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Higot Hubud Lubud

Higot Hubud Lubud

We’ve noted elsewhere in this site that there is an incredible variety to the different Filipino Martial Arts.  Despite that, certain drills have become widespread, verging on universal among FMA practitioners. 

Perhaps chief among them is higot hubud-lubud, often just called ‘hubud,’ and usually translated as “to tie, untie, and mix.”  This is a medium/close-range drill, typically cited as a method to teach sensitivity.  Although it is most definitely a weapon-oriented drill, it is typically done empty-handed, and works very well in that role.

Here’s the general format:

A aims a right slap at B’s head.

B blocks with his left hand.

B uses his right hand to redirect A’s hand to his outside right.

B traps A’s hand with his left hand.

B responds with his own right hand slap.

And then the cycle repeats, with A blocking, redirecting, trapping and counterstriking.  

In Siling Labuyo Arnis, we view hubud primarily as a ‘possibility generator’, in the sense that a partner is feeding you strikes from various angles, in various combinations, and is actively trying to outfox you while he does it.  Although the format of the drill is fairly set, you don’t have any control over what your partner will do next.  

Unless one intentionally switches the feed to the opposite hand, the strikes always come from the same hand – which makes sense when weapons are employed.

The basic flow outlined above can be integrated pretty quickly, so we start to change elements of the drill – another common factor in FMA.  Many of these changes can be done to almost any drill, so even if you aren’t involved in a Filipino Martial Art, you can try this to liven up a night’s training.

Some Possible Changes

  • Different strikes – although the slap is the default, straight punches, elbows to the face or bicep, body hooks, and uppercuts are used as well
  • Switching hands – unless a switch is made, the drill will always repeat on one side.  There are several different ways to switch sides.
  • Insertions – while one hand is busy, there are plenty of opportunities to strike with the other hand, to various targets.  Alternately, add in a kick to the shins, in virtually any point of the drill
  • Break the rhythm – a key in FMA.  Rather than setting and keeping the same rhythm, the occasional ‘stutter’ has the capacity to really mess up a partner’s response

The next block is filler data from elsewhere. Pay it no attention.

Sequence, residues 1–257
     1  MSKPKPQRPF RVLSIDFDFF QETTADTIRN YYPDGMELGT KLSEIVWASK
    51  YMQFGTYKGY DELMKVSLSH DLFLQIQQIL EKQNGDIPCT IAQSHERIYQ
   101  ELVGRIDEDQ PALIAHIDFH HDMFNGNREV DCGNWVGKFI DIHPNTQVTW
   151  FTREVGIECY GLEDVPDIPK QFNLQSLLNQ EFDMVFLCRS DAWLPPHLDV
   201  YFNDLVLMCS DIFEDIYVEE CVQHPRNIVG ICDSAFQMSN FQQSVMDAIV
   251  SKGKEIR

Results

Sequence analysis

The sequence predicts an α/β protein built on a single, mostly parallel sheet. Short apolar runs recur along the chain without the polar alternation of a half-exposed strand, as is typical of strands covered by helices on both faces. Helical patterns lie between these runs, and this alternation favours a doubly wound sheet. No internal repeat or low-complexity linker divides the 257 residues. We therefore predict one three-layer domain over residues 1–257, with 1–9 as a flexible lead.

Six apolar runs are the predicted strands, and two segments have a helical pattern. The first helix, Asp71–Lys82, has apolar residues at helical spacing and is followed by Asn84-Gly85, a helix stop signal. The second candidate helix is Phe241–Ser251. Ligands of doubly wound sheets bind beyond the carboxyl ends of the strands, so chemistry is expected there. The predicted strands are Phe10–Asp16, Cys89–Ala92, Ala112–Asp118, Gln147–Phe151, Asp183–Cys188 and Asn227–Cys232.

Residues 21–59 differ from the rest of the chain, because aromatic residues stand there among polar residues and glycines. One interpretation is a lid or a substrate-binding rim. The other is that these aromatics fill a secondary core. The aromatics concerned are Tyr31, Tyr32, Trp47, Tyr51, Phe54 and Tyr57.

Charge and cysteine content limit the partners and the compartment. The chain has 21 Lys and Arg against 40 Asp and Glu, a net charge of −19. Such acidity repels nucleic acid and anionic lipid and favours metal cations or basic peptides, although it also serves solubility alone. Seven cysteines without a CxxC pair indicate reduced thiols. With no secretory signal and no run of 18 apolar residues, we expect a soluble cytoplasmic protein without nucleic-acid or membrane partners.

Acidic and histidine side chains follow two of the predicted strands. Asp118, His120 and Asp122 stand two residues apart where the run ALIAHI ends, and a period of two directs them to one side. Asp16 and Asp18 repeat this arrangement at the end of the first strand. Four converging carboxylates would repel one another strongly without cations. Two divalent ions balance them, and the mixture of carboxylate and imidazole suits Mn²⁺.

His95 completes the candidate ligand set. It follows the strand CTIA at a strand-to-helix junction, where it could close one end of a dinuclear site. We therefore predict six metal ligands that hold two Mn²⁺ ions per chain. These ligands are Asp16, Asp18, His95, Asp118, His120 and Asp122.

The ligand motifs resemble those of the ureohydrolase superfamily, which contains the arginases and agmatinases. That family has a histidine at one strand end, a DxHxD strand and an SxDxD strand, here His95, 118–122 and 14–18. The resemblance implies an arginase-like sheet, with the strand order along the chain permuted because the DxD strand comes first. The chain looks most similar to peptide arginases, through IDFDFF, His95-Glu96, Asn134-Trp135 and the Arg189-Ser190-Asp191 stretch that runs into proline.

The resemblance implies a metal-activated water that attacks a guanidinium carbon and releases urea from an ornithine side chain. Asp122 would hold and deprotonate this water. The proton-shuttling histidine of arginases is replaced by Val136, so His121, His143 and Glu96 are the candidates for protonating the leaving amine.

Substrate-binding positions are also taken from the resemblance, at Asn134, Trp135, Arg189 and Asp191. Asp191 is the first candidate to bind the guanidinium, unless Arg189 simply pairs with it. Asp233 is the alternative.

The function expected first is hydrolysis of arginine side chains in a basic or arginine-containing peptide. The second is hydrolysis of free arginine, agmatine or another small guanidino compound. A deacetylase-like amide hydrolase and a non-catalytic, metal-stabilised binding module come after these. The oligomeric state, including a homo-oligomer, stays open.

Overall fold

• Crash the range / Open the range – hubud primarily works in the medio range, so a useful change is to either step out to largo range (forcing a change of drills), or to crash in to corto/clinch range (again, forcing a change of drills)
  • Change heights – although hubud is usually done standing, it can be done kneeling, sitting, with one partner on his back and the other in either the guard or mount position
  • Switch from arms to legs – once on the ground, the same drill can be done using the same motions but with the legs in place of the arms.  As well, it can be legs vs. legs, or legs vs. arms.
  • Add or mix weapons – have one or both partners with knives, swords, sticks, two knives, etc.
  • Break the drill entirely and go into sparring, and then try to go back into hubud.

There are essentially an infinite number of options just waiting to be discovered.  The more one can introduce variation to how the core training is applied, the easier it is to deal with a new situation.  Learning how to use your techniques against the widest variety of variables is a great way to develop and integrate them.

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The Basic Feed
Although there is a wide variety of possible strikes, the initial practice makes use of a slap or chopping motion to the side of the head



Grey strikes, White Parries

White moves his right hand into position…

…to manoeuver Grey’s arm out of the way

White presses down with his left hand as a controlling measure

Still monitoring Grey’s right, White prepares a strike with his own right hand

Grey parries White’s strike and the drill repeats with Grey blocking, passing, trapping and counterstriking.